- In cases of medication non-compliance, tools include case management to engage patients, pharmacoeconomic education that raises clinician awareness of how medication cost can be a barrier to compliance, and strategies on how to lower costs.
- In cases of medication pseudo-resistance, tools include pharmacologist to review case and offer expert advice on tailored pharmacotherapies.
- In cases of complex metabolic syndrome, tools include assistance for weight loss, nutritional counseling, and follow-up with case management.
New West Physicians benefits from having made the decision decades ago to put aside increasingly complex incentives and make our guiding principle giving the best possible care to our patients.
With that core value, we have implemented strategies and solutions that make good care the most significant motivator driving clinicians at our practice.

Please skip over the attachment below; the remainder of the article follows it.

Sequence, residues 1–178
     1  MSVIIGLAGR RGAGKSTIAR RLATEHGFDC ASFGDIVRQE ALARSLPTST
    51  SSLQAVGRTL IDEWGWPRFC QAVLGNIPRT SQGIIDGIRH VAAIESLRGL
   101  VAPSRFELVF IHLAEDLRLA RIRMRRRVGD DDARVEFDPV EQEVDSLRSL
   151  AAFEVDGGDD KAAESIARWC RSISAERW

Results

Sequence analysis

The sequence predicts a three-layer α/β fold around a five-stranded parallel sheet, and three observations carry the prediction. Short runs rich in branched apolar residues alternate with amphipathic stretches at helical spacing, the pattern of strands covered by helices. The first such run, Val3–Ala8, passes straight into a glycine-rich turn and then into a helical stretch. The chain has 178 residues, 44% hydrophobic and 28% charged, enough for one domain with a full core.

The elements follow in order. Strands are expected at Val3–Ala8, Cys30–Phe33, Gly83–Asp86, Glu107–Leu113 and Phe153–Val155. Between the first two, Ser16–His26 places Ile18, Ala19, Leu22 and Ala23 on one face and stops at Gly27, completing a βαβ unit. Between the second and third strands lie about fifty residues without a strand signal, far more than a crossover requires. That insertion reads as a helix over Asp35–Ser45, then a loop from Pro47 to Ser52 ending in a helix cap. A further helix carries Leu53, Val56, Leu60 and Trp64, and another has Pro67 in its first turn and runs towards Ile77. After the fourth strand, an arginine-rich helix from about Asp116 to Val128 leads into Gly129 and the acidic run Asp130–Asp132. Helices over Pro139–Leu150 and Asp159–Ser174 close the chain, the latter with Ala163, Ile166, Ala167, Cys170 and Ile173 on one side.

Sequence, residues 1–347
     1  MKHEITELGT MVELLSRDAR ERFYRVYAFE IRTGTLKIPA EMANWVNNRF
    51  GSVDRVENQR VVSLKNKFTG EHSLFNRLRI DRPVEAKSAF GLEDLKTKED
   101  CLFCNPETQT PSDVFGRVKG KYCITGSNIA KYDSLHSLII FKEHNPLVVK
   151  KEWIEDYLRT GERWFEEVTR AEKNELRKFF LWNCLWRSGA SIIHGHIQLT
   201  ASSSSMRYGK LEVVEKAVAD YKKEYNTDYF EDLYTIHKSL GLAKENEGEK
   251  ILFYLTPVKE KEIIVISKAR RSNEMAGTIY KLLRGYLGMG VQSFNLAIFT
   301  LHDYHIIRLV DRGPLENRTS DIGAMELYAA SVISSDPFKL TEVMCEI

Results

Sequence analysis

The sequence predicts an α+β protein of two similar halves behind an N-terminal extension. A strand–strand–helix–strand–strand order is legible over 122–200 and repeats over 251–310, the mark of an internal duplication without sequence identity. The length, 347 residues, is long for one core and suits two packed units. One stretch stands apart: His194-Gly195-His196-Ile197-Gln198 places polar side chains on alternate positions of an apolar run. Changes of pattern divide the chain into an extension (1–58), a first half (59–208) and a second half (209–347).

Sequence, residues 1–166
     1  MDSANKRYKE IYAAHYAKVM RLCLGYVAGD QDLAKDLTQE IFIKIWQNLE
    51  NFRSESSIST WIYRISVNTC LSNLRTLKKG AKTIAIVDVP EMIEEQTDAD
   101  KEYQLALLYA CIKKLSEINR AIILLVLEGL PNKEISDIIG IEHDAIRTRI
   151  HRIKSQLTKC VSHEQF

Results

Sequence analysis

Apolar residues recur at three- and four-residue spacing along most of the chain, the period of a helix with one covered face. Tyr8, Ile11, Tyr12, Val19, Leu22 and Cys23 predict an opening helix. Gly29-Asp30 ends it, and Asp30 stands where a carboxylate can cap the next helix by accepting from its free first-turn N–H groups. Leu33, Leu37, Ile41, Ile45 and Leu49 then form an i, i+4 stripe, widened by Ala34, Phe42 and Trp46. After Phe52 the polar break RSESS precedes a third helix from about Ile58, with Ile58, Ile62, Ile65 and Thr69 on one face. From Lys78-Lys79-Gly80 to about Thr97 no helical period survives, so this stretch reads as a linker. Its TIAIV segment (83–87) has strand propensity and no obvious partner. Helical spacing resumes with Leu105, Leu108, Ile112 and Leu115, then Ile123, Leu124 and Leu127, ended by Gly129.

As a result of years of measurement, transparent performance evaluation, and supporting clinicians and patients in the many dimensions of primary medicine, we are proud to be recognized as one of the best in the nation.
This publication is informational and for educational purposes only. The views and opinions expressed herein are those of the authors and do not necessarily represent the views of OptumCare®. The views and opinions expressed may change without notice.
*Kung HC, Xu JQ. Hypertension-related mortality in the United States, 2000–2013. NCHS data brief, no. 193. Hyattsville, MD: National Center for Health Statistics. 2015.